Identify Sperm Donors? Risks May Outweigh Benefits
Medical history often crucial to children, but repository could discourage donors
By Victoria Floethe,  Newser User
Posted Jan 27, 2009 8:01 PM CST
Access to medical information has become a major issue as scientists learn more about the hereditary aspects of disease.
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(Newser) – Mindful that genetic profiling helps diagnose disease, US fertility clinics are looking for a way to give donor-conceived children access to their fathers’ medical records—without imperiling the industry, writes Cheryl Miller in Reason. A US registry appears imminent, though transparency laws in Europe have resulted in a huge drop in sperm donors. There are now barely 300 sperm donors in Britain, forcing many families to look overseas.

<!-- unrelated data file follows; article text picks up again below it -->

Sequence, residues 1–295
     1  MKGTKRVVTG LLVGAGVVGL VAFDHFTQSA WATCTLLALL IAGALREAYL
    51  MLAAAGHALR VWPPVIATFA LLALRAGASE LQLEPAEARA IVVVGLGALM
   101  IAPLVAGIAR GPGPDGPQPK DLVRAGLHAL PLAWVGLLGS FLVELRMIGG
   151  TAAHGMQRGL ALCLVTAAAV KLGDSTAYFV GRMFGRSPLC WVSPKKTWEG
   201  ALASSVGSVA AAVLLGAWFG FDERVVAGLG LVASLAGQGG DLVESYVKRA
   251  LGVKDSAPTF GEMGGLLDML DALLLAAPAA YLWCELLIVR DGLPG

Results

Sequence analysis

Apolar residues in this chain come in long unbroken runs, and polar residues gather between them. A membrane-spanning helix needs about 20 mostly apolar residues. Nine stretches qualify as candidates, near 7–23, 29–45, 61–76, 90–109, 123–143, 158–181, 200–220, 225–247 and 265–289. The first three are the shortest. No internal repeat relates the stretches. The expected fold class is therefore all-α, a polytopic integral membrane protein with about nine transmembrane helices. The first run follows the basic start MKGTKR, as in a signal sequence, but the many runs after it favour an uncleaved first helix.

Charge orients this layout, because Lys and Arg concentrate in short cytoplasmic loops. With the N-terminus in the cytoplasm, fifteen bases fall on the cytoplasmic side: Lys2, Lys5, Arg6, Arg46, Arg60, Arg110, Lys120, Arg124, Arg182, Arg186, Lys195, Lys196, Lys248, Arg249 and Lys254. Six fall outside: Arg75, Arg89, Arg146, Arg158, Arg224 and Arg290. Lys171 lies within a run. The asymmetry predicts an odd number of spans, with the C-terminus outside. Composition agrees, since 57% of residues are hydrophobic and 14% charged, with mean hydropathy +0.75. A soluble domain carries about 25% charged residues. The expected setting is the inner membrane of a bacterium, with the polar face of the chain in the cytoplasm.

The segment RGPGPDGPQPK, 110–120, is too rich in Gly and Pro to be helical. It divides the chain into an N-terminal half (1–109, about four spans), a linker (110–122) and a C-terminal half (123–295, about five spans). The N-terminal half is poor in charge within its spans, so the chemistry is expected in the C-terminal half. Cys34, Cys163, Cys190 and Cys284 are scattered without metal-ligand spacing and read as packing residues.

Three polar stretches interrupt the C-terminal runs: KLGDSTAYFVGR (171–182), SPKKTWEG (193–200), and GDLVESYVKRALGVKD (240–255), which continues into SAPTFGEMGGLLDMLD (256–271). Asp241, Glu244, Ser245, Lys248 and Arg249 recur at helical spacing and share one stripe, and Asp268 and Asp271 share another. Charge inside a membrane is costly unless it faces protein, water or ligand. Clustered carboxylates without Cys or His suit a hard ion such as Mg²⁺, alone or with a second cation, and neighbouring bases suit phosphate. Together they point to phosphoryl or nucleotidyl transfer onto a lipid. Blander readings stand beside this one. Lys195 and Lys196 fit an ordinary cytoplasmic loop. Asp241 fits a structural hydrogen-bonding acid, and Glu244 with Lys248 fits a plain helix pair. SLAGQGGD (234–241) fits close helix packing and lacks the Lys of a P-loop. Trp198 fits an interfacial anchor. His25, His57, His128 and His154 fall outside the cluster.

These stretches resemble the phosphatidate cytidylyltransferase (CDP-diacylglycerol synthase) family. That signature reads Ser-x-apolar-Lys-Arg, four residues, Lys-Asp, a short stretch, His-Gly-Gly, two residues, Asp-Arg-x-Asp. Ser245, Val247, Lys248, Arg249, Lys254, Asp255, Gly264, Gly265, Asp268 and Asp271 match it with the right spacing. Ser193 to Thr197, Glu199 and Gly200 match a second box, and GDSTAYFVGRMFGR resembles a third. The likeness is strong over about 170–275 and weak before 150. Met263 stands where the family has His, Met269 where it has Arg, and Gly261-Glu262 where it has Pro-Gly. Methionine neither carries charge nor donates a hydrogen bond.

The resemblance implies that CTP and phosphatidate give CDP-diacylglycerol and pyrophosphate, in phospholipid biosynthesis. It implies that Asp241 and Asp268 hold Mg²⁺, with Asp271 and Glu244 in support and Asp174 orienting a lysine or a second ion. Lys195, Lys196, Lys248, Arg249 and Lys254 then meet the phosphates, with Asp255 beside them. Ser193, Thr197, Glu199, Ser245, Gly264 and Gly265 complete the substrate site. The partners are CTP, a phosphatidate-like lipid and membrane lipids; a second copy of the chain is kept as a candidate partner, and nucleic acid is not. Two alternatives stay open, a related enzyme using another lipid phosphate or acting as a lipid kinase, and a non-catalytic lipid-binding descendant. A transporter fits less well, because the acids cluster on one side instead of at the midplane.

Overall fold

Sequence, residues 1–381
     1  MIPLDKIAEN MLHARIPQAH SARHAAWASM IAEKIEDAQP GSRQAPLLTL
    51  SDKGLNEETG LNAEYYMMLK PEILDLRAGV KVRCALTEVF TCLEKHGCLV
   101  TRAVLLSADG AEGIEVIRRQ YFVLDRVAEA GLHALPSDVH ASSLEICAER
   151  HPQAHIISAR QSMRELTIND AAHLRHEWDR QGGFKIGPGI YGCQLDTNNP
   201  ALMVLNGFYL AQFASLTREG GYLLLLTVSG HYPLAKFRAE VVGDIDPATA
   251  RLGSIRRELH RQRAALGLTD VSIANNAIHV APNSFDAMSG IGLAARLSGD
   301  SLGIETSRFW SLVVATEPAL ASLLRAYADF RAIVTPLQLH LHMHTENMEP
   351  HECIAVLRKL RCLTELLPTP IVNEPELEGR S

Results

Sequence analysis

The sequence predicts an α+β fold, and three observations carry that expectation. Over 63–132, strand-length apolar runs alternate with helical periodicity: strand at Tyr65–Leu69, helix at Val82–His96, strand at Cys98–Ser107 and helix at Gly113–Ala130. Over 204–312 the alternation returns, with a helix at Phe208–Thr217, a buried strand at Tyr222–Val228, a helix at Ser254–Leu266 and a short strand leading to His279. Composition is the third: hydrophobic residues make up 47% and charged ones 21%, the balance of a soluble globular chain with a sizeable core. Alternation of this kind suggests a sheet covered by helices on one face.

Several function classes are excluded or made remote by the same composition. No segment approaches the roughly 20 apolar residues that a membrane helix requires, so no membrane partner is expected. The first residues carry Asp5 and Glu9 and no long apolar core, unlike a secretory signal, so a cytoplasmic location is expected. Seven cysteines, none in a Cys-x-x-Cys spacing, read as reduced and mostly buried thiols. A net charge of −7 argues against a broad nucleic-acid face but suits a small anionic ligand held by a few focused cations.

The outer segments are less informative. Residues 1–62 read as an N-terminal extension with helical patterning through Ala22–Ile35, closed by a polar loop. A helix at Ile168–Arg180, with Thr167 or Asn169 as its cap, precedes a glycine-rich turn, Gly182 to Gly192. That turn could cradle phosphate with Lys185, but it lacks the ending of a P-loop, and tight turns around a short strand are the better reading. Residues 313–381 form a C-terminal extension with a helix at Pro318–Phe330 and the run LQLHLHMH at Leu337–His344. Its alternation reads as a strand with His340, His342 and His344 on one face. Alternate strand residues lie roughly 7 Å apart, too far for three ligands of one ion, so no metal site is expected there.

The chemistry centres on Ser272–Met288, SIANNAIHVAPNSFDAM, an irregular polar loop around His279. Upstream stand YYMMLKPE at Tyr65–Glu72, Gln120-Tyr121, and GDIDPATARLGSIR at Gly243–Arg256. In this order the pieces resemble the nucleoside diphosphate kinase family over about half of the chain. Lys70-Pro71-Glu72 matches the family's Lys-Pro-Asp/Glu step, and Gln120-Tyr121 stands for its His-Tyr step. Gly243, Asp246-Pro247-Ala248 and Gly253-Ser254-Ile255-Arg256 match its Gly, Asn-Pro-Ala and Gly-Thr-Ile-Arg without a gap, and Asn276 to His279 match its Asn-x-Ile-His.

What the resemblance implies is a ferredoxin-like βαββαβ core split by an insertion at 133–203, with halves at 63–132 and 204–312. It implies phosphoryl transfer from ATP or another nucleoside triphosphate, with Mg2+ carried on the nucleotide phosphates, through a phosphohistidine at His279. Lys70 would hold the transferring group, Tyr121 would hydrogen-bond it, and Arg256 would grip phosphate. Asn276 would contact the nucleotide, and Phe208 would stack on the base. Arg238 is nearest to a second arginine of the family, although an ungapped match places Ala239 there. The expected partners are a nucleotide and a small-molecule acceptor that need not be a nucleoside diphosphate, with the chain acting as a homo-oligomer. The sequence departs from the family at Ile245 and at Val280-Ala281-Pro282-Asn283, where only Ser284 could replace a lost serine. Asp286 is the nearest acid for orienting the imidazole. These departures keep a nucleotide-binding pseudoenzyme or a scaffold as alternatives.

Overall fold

“I just think that I have a right to my history,” laments one woman, who hopes records may help diagnose her sickness and prevent her from passing it onto her kids. But Miller writes that mandated registries aren't the answer. "What’s needed is not blunt government decrees but discretion and delicacy, a way to balance, not eliminate, the conflicting interests involved," she says. "Stamping out the sperm banks in the name of protecting their clients would be throwing the baby out with the bathwater.”